# Question 961df

Mar 27, 2016

$\text{17 g}$

#### Explanation:

Start by making sure that you understand what it is you're looking for here.

In this context, a substance's equivalent weight will tell you the mass of said substance that will combine with $8$ parts by mass of oxygen.

Simply put, the equivalent weight will tell you the mass of the substance that reacts with $\text{8 g}$ of oxygen.

This tells you that in order to find the metal's equivalent weight, you must determine what mass of metal reacted with $\text{8 g}$ of oxygen to produce that oxide.

Since the oxide is said to be 32%"w/w" oxygen, you can say that a $\text{100.0-g}$ sample will contain

• $\text{32 g } \to$ oxygen
• $\text{68 g } \to$ metal

So, if $\text{32 g}$ of oxygen reacted with $\text{68 g}$ of metal, it follows that $\text{8 g}$ of oxygen reacted with

$8 \textcolor{red}{\cancel{\textcolor{b l a c k}{\text{g oxygen"))) * overbrace("68 g metal"/(32color(red)(cancel(color(black)("g oxygen")))))^(color(purple)("given percent composition")) = color(green)(|bar(ul(color(white)(a/a)"17 g} \textcolor{w h i t e}{\frac{a}{a}} |}}}$

ALTERNATIVE APPROACH

You can double-check your answer by using another definition given for equivalent weight.

In the context of a redox reaction, like you have here, the equivalent weight of a substance is the mass of that substance that accepts or supplies one mole of electrons.

When a metal oxide is formed, a neutral oxygen atom picks up two electrons to form the oxide anion, ${\text{O}}^{2 -}$.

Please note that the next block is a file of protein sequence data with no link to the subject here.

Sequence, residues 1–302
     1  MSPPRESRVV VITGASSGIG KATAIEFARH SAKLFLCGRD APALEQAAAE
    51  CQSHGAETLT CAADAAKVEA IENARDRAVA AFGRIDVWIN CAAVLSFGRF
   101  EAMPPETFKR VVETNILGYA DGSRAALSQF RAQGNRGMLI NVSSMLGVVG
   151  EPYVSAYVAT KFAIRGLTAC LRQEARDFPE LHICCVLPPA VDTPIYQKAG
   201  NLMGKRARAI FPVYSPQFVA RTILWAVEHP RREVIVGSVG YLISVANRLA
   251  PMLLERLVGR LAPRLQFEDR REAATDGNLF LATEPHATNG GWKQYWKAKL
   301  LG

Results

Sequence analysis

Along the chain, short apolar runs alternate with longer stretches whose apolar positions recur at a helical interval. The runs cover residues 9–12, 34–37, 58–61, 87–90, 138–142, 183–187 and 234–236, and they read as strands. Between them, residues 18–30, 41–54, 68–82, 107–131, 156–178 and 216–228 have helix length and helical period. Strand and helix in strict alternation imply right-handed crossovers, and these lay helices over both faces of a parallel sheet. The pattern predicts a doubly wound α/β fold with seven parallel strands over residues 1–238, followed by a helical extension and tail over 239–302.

That means that one mole of oxygen atoms must pick up two moles of electrons.

The $\text{100.0-g}$ sample will have $\text{32 g}$ of oxygen. Use oxygen's molar mass to determine how many moles of oxygen you get in that sample

32color(red)(cancel(color(black)("g"))) * "1 mole oxygen"/(16.0color(red)(cancel(color(black)("g")))) = "2 moles oxygen"

This means that the metal must have supplied a total of

2 color(red)(cancel(color(black)("moles oxygen"))) * "2 moles e"^(-)/(1color(red)(cancel(color(black)("mole oxygen")))) = "4 moles e"^(-)#

This means that the metal's equivalent weight will once again be - remember, you're looking for the mass of the metal that will supply $1$ mole of electrons to the reaction!

$1 \textcolor{red}{\cancel{\textcolor{b l a c k}{\text{mole e"^(-)))) * "68 g metal"/(4color(red)(cancel(color(black)("moles e"^(-))))) = color(green)(|bar(ul(color(white)(a/a)"17 g} \textcolor{w h i t e}{\frac{a}{a}} |}}}$